Working Paper Review Version 1 This version is not peer-reviewed

A New Perspective of Genetic Associations to the Cause of Multiple Sclerosis: The Role of Genes Expressed on Chromosomes 2 and 5

Version 1 : Received: 18 July 2019 / Approved: 22 July 2019 / Online: 22 July 2019 (04:37:27 CEST)

How to cite: Montesano, R.T.. A New Perspective of Genetic Associations to the Cause of Multiple Sclerosis: The Role of Genes Expressed on Chromosomes 2 and 5. Preprints 2019, 2019070229 Montesano, R.T.. A New Perspective of Genetic Associations to the Cause of Multiple Sclerosis: The Role of Genes Expressed on Chromosomes 2 and 5. Preprints 2019, 2019070229

Abstract

The literature on the causation of multiple sclerosis (MS), both genetic and environmental, extends over hundreds of years, with no firm conclusions on the exact role of autoimmunity and lifestyle. The epidemiology of MS was the basis for this review, but with a new, extensive examination of genes pertaining to each disorder, and disease of first, and second, degree relatives of those with MS. The author’s motivation was to discover some relationship between MS, and notable familial conditions, as the heredity of MS is concluded to be 30%, and the disorders had a chronic and/or idiopathic nature. This investigation hoped to further understand the randomness of MS- who acquires it, and what symptoms develop- after the author’s decades of observing several incidences of multiple members developing MS in a single family. Online databases for the human genome were used to link genes to MS, and symptoms, including excessive depression, fatigue and suicide rates, in coordination with linking genes for specific familial conditions including seizures, stroke, mental illness, bowel disorders, and thyroid conditions. Interesting associations were found, notably a cluster of Th2 cytokines, known to cure the animal model of MS, important receptors for neurotransmitters and hormones, a gene specific to Epstein Barr Virus, and potential genes for mitochondrial dysfunction. The results surprised the author, showing polygenic regions of chromosome 2 and 5, especially a cluster at loci 5q31-q33, may be dysregulated. The conclusion agrees with past hypotheses MS results not from a single gene, but from various genes, including those expressed in glial cells. The individual theories to the causation of MS, starting with Charcot may be explained by multiple pathways converging into a single disease outcome. In coordination with a sunlight factor, chromosome 2 appears to mediate the immune system, and inflammation, through ultraviolet radiation producing vitamin D3 in the skin, but additionally through peptides formed in the melanocyte stimulating and concentrating hormone class. The impact of stress in MS could be primary, given the loci of several stress-related and stress-modulated genes on these chromosomes, and calls for more appreciation of, and greater care for, the MS patients’ state of mind.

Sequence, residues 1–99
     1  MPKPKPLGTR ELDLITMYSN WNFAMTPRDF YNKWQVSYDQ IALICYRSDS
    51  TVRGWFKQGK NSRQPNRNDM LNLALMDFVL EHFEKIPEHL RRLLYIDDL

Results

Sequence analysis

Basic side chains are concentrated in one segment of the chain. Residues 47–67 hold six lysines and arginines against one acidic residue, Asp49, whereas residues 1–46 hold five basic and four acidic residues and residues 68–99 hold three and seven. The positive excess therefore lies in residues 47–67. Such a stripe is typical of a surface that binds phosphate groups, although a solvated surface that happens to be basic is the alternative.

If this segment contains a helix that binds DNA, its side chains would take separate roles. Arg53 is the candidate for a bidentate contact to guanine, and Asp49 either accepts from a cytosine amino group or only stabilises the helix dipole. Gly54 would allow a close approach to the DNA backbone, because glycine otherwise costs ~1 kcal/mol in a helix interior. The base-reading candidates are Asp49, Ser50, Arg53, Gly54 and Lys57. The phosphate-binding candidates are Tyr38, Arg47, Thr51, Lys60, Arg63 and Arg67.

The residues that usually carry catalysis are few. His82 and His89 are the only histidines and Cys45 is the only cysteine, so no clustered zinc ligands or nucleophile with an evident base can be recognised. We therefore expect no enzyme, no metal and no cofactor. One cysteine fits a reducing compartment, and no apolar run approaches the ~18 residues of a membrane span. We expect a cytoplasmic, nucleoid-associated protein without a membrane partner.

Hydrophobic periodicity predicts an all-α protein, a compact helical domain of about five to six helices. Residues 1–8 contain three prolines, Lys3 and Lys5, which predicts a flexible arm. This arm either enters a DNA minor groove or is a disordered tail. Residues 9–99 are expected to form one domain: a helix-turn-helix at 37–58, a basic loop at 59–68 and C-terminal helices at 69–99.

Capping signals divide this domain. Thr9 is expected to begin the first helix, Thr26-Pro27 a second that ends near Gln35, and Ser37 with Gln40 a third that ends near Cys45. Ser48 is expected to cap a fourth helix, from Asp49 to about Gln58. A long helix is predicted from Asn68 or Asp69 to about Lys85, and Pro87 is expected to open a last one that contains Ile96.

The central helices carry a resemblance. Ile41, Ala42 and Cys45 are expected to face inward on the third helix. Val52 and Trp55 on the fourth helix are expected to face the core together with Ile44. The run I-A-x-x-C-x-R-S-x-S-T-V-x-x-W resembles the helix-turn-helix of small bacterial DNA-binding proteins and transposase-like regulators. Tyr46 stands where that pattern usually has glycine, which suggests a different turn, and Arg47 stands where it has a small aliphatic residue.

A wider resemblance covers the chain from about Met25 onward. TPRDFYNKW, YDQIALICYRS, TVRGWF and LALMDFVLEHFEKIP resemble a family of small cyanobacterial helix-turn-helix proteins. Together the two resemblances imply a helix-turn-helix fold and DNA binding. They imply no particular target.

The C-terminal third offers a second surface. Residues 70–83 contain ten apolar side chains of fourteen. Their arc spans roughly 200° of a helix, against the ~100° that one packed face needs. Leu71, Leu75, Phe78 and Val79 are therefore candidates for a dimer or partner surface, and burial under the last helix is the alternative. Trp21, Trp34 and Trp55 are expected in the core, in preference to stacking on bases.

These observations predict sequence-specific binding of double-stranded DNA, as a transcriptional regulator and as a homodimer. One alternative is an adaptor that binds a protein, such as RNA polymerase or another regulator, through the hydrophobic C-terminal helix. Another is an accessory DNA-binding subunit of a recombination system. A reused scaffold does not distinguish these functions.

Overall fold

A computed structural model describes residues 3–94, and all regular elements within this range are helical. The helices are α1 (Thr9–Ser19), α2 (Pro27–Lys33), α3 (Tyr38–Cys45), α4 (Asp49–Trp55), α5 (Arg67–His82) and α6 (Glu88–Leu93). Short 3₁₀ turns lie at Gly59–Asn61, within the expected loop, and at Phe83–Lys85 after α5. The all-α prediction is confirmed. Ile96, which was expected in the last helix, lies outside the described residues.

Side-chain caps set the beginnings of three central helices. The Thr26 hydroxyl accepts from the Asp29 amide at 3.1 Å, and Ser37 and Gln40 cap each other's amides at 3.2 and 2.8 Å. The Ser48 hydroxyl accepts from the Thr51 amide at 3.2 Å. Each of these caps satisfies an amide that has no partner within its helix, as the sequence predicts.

Subject Areas

multiple sclerosis; MS; cause; genes; polygenic; heredity; autoimmune; diet; depression; fatigue; suicide; seizures; bowel disorders; thyroid; mitochondria; chromosome 2; chromosome 5; glial cells; sunlight; vitamin D3; ultraviolet radiation; melanocyte stimulating hormone; melanocyte concentrating hormone; stress

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